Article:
If They Build It… You Will Come

Any history of Las Vegas is incomplete without the story of Benjamin Siegel. He was called “Bugsy,” but never to his face because he hated the nickname. He thought it made him sound crazy, dangerous, too, but mostly crazy. He was credited with founding Las Vegas. Some believed he was mayor. Neither was true. He wanted a career in the movies, but had to settle for creating the Las Vegas of the movies.

Standing guard at Caesars Palace. Photo by: Susan Marg

The Flamingo, the casino in the desert named after Bugsy’s girlfriend Virginia Hill’s long, birdlike legs, was his vision, creation, and extravagance. We don’t know whether he was murdered for overspending on its construction or for claiming some of the investors’ monies as his own.  It doesn’t matter. When the Flamingo opened ceremoniously on December 26, 1946, it was obvious that every penny that had gone into the place had been well spent.

Bugsy had replaced the atmosphere of the cowboy casinos found down the road  with an ambience of sophisticated luxury throughout the resort. On the first night and every night thereafter, first class entertainers, such as Jimmy Durante, Xavier Cougat, and Rose Marie, performed in the showroom.

Since that time entertainment has always been a big part of the Las Vegas scene.  Edgar Bergen with sidekick Charlie McCarthy on his lap kicked off the festivities at The Desert Inn in 1950.  Ray Bolger, the famous scarecrow from The Wizard of Oz, launched the Sahara Hotel and Casino in 1952.  Liberace starred in a musical comedy revue that included a “candelabra ballet” at the Hotel Riviera’s gala on opening night in 1955.  And Andy Williams headlined at Caesars Palace’s Circus Maximus in 1966.

For decades Caesars’ 800-seat showroom hosted such celebrities as Judy Garland, Shirley MacLaine, Freddie Prinz, Petula Clark, Diana Ross, George Burns, Julio Iglesias, Tom Jones, Wynonna, Ann-Margret, Natalie Cole, Eddie Fisher, David Copperfield, Tony Bennett, and Sammy Davis Jr., to name a few of the famous names.

When Frank Sinatra left the Sands (drunkenly cursing, fighting and driving a golf cart through a front window after his credit was cut off by new owner Howard Hughes), he signed with Caesars.  In 1981 he was appointed its Vice President of Entertainment.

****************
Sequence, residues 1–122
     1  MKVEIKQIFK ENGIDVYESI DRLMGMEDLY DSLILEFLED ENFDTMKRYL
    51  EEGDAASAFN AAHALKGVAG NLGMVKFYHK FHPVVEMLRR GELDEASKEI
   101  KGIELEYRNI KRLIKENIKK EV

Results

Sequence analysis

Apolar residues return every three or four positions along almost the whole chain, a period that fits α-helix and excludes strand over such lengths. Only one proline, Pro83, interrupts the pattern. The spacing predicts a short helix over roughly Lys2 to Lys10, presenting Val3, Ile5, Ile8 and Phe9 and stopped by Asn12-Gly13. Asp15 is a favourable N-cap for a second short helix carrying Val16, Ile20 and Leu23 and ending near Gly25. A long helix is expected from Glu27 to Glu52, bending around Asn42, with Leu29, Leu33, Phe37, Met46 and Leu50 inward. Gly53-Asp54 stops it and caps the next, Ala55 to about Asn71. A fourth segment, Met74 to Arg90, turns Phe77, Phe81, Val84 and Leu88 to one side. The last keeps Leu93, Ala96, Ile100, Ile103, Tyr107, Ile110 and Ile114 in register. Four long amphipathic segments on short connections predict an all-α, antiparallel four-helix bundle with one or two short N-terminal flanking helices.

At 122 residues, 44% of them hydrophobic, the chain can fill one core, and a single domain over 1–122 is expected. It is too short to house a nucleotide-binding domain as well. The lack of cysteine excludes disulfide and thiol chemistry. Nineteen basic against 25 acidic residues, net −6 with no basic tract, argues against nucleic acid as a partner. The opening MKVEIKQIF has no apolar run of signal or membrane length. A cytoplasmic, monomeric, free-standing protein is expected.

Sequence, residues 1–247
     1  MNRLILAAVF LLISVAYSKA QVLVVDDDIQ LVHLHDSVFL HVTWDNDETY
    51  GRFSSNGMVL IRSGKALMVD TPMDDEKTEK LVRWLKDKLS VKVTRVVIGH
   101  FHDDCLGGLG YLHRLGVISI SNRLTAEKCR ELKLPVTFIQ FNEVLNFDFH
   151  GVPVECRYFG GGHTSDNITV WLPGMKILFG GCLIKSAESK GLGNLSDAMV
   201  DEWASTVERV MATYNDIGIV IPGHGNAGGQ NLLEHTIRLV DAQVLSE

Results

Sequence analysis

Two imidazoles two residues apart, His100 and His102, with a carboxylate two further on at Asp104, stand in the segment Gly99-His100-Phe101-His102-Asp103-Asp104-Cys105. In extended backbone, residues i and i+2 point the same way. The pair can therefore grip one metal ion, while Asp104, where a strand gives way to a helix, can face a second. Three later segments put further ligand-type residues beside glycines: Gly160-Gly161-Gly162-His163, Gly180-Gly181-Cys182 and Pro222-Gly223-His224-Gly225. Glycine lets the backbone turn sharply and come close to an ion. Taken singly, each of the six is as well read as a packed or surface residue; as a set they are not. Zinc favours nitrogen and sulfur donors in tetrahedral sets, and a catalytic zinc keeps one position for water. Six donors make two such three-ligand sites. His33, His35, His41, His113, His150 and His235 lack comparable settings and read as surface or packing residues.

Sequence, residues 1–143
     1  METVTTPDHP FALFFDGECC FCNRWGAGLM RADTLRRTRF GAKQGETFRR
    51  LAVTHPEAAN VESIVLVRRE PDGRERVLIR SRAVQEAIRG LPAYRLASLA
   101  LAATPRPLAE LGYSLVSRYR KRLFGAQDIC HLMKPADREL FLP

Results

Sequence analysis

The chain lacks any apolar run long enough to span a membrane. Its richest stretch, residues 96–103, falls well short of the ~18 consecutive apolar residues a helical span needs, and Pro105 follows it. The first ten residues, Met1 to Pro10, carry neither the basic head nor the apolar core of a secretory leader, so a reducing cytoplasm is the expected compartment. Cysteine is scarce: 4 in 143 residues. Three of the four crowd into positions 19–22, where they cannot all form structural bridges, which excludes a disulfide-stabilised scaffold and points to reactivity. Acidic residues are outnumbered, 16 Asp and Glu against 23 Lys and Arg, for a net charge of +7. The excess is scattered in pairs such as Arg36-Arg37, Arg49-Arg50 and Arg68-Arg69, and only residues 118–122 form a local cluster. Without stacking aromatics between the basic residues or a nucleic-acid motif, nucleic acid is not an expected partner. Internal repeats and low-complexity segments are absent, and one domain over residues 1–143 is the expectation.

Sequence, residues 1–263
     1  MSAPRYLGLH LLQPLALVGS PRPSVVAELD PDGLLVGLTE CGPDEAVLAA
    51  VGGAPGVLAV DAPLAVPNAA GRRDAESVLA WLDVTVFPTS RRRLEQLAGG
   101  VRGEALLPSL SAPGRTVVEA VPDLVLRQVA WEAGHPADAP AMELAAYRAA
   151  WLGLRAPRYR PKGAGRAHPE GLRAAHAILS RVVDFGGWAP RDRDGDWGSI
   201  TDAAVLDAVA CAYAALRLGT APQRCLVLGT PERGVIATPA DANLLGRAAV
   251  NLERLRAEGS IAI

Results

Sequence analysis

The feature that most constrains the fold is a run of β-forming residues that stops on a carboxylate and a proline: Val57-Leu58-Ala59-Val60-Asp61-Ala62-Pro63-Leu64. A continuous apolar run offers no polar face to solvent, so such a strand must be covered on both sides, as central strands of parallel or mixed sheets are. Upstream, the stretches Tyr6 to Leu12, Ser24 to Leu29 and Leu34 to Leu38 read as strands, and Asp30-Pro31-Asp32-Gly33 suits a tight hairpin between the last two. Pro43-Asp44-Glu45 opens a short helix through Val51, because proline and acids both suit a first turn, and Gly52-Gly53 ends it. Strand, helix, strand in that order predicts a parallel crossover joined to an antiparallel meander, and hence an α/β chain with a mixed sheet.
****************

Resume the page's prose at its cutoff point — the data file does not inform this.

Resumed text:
In 2000 Circus Maximus closed down and reopened as The Colosseum two years later.  The new 4,000-seat showroom reportedly cost $65 million, but like The Flamingo, it was worth every cent.  Sell-out crowds turned out for Celine Dion and later Cher, Bette Midler, and Elton John, before Dion returned for an encore.   In December Shania Twain, “the best-selling female country artist of all time” states the publicity, will take her turn.

If past performances dictate future success, Caesars Palace is “Still the One.”

© 2012 Susan Marg – All Rights Reserved


60 Years Ago in Pop Culture: A Pie in the Face

In 1951 on a local Cleveland television show, Soupy Sales took his first pie in the face.

"I'm ready." Photo by: John McNab


It is generally recognized that this occurred on Soupy’s On, his late night variety series, although some news articles indicate it happened during a children’s show he hosted.  Regardless, kids and adults loved Soupy Sales.

“I’ll probably be remembered for the pies, and that’s all right,” Soupy once acknowledged.  They were certainly his trademark.  He claimed that he and his guests launched more than 20,000 pies at each other during his career.


In the following decades it was a mark of distinction to be so disrespected.  Frank Sinatra was first in line.   “I want to come on your show on one condition,” the singer told him, “I get hit with a pie.”  Such popular entertainers as Tony Curtis, Jerry Lewis, and Shirley MacLaine followed.

Of course, Soupy did it better than anyone, whether he was throwing straight to the face, on top of the head, or a pie to each ear.  When he was on the receiving end, his eyes got round, his mouth opened, and he never ever flinched.


His career almost ended in 1964 when he closed his show telling his young viewers to “take some of those green pieces of paper with pictures of George Washington, Benjamin Franklin, Lincoln and Jefferson on them” from their parents’ wallets and send them to him.  He was ad-libbing.  It was a joke.  And he returned the money.  But Mom and Dad didn’t think it was very funny, and the station suspended him for a week.

Soupy was hip.  He was cool.  He was never out of the public eye.  In the 1970s Saturday Night Live paid homage to the man by beseeching its audience to mail them their joints.

Until 1975, he was a panelist on the syndicated revival of What’s My Line?  In later years he appeared regularly on other game shows, including To Tell the Truth, Match Game, and Hollywood Squares, and the musical variety program Sha Na Na.


In the mid 80s he hosted a radio show on WNBC (AM) filling in the hours between shock jocks Don Imus in the Morning and Howard Stern during afternoon drive time with comedy, games, and talk.  Stern, by the way, was a big fan when he was growing up, although they had an acrimonious working relationship.

This Thanksgiving as we eat dessert, whether it is apple with run and raisins, chocolate cream, or pumpkin pie, let’s remember the late, great comedian who turned pie-throwing into an art form and made us laugh.  And be thankful it isn’t made of shaving cream.


© 2011 Susan Marg – All Rights Reserved